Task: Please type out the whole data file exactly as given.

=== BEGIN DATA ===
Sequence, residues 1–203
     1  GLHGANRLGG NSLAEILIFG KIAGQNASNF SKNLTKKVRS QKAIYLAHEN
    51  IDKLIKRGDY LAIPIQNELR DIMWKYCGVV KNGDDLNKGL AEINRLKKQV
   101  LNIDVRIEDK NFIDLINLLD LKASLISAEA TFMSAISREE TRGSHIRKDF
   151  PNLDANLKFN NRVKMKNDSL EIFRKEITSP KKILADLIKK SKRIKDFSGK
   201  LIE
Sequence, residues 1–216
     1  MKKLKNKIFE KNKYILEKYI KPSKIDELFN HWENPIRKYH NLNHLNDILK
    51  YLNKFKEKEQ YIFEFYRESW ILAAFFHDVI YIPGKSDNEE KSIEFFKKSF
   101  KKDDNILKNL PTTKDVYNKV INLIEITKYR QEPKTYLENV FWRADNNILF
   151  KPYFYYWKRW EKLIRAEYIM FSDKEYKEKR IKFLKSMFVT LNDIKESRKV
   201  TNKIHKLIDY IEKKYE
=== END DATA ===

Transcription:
Sequence, residues 1–203
     1  GLHGANRLGG NSLAEILIFG KIAGQNASNF SKNLTKKVRS QKAIYLAHEN
    51  IDKLIKRGDY LAIPIQNELR DIMWKYCGVV KNGDDLNKGL AEINRLKKQV
   101  LNIDVRIEDK NFIDLINLLD LKASLISAEA TFMSAISREE TRGSHIRKDF
   151  PNLDANLKFN NRVKMKNDSL EIFRKEITSP KKILADLIKK SKRIKDFSGK
   201  LIE
Sequence, residues 1–216
     1  MKKLKNKIFE KNKYILEKYI KPSKIDELFN HWENPIRKYH NLNHLNDILK
    51  YLNKFKEKEQ YIFEFYRESW ILAAFFHDVI YIPGKSDNEE KSIEFFKKSF
   101  KKDDNILKNL PTTKDVYNKV INLIEITKYR QEPKTYLENV FWRADNNILF
   151  KPYFYYWKRW EKLIRAEYIM FSDKEYKEKR IKFLKSMFVT LNDIKESRKV
   201  TNKIHKLIDY IEKKYE